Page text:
Remove the draw-bar cap. Hold the tool in the collet with one hand and insert the tool-collet assembly into the spindle. Tighten the draw bar to pull in the collet until it holds the tool lightly. Insert the spindle locking pin into the side of the spindle. Use a wrench to tighten the draw bar while holding the spindle locking pin.

Replace the draw bar cap and remove the spindle locking pin.

Confirm that the tool is not loose by trying to wiggle it by hand. If it’s loose, remove the tool and check that you’re using the correct collet. Confirm that the tool is centered by rotating the spindle by hand. Confirm that the tool is centered again by turning on the spindle at a low speed and looking for wobble. If the tool is off-center, remove it and inspect the collet and tool for debris.

Removing a Tool

Confirm that the power is off and the speed is set to zero.

Remove the draw bar cap, and insert the spindle locking pin. Use a wrench to loosen the draw bar while holding the spindle locking pin. Hold the tool and collet while loosening the draw bar by hand until the tool and collet drop free.

Replace the draw bar cap and remove the spindle locking pin.

Clean any debris off of the tool and collet. Check the collet and tool for signs of tarnishing or rust. If you find any, apply oil to a towel and wipe on a thin layer. Return the tool and collet to the appropriate boxes.


End mills are the work horse of manual milling. They come in a variety of sizes and shapes.

Only two flute cutters may be used with aluminum and copper. Cutters with more flutes will clog and become unusable. (Flutes are the helical things on the side. Count them by looking at the end of the tool.)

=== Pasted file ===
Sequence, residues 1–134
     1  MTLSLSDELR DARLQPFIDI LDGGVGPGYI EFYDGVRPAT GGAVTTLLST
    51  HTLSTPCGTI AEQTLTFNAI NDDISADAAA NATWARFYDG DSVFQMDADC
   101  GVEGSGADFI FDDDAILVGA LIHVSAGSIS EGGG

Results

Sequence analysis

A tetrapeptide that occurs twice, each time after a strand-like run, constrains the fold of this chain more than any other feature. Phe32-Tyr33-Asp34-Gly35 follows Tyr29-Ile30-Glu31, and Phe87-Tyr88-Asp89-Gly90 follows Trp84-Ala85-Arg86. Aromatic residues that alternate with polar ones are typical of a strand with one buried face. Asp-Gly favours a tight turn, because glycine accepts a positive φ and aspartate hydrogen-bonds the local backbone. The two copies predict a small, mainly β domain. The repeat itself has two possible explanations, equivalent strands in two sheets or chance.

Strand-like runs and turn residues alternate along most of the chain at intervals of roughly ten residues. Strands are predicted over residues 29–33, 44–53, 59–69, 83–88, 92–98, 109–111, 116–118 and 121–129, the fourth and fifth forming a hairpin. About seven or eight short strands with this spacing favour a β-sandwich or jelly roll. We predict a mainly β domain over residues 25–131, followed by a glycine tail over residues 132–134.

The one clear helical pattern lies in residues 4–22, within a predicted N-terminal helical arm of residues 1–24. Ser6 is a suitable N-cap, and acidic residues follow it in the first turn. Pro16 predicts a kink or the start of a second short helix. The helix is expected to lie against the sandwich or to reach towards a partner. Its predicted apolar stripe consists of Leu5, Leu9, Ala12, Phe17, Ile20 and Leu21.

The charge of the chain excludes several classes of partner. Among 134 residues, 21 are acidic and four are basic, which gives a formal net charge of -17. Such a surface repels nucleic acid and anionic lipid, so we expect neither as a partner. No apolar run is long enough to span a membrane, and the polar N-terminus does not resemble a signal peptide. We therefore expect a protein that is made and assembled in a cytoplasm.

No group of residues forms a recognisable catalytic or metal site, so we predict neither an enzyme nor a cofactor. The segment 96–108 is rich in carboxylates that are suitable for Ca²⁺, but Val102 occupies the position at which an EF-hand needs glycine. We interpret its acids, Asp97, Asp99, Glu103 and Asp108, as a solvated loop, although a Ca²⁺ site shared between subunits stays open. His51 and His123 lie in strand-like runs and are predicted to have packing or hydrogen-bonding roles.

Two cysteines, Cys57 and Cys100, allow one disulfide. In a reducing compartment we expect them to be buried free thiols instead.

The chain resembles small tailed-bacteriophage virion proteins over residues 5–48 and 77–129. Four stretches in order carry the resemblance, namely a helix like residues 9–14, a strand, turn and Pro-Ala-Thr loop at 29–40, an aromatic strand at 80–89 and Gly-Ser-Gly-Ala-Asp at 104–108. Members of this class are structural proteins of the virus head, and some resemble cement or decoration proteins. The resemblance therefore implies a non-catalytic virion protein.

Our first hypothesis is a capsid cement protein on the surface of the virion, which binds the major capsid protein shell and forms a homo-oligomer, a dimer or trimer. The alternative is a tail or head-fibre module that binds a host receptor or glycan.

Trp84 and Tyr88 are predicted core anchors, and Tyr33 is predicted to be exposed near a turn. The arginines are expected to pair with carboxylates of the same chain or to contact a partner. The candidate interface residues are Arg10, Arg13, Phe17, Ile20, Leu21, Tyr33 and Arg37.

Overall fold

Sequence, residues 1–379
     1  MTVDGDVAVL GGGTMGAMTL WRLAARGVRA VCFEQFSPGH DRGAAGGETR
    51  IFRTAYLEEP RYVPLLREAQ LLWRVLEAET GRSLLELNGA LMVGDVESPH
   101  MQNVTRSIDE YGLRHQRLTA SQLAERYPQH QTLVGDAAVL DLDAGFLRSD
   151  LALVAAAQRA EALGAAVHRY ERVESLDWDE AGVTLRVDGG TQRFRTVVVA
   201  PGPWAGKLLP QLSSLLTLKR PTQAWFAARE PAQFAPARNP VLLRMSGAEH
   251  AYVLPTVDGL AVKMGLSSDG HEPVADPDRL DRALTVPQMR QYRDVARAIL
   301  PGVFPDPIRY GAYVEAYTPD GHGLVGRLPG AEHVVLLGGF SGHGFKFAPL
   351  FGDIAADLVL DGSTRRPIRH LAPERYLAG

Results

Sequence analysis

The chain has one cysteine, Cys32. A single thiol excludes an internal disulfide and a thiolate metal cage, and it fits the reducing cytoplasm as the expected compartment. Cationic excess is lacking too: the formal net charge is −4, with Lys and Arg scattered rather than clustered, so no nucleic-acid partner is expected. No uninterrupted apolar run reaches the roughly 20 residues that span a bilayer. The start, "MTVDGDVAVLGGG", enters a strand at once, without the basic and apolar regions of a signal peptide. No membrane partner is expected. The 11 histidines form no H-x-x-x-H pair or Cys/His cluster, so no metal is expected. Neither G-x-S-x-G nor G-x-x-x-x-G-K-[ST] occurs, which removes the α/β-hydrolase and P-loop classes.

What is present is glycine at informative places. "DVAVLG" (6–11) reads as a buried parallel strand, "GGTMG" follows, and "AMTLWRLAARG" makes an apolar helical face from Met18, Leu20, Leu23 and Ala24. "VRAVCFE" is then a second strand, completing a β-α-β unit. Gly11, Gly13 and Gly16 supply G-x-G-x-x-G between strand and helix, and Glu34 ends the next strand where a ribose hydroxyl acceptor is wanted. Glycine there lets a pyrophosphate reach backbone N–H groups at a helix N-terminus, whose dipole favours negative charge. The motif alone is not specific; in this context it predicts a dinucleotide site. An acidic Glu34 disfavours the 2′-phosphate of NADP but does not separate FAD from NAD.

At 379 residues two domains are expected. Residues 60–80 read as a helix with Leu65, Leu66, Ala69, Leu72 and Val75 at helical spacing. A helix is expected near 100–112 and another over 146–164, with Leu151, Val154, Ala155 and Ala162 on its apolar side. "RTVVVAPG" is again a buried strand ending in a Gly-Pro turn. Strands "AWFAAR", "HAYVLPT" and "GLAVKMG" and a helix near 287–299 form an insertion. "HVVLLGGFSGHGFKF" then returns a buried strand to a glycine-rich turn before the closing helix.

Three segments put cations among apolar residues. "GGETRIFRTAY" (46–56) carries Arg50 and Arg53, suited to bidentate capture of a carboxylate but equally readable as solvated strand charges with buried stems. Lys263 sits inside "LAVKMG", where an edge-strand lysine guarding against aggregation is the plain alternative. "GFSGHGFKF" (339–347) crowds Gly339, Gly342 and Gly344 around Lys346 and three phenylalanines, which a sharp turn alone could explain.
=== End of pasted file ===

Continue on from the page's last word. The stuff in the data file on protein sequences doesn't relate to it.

Unless you’re using a center-cutting endmill, you’ll need to drill a pilot hole before plunging with an endmill. See the manual for more information.

TODO: stuff about DoC, speeds and feeds

Climb Milling

It’s important to pay attention to whether or not you’re using conventional or climb milling. When climb milling, the cutter has a tendency to pull itself deeper into the cut. If your setup is not rigid enough, this can result in a sudden and catastrophic failure! It can also make chatter worse. Yes, it’s tempting to do a “back and forth” cut when facing a surface. Suck it up. If it’s still not obvious, you shouldn’t be using climb milling!

Climb milling is generally only a problem with metals, but keep it in mind when machining plastics.


Drill bits are just like every other drill bit ever. Please keep machine tool drills separate from other drill bits in the lab.

Locating Features


If part of your setup is not rigid enough, it will vibrate during cutting. This is called chatter. This will result in a poor/inaccurate surface finish and can cause a tool to fracture (dangerous).

Machining is naturally a loud process. However, if you notice a very loud singing or growling sound coming from the tool or workpiece, you may be inducing chatter.

Usually, chatter can be eliminated by gripping the tool further down the shank, selecting a shorter aspect-ratio tool, or clamping your workpiece to reduce the aspect ratio of any un-clamped areas. As a general rule, un-clamped areas should not have an aspect ratio of more than 2:1. So, a 1 inch bar should not extend more than 2 inches from the vice without additional support.

If you need to work on pieces with large aspect ratios, consider using finger clamps, as described in the manual.


Explain how to safely shut down the machine.


Explain how to reset the work station for the next user.

Tips and Tricks

List some sections describing advaned techniques.

TODO: taking parts to dimension

How to Make Tea with this Machine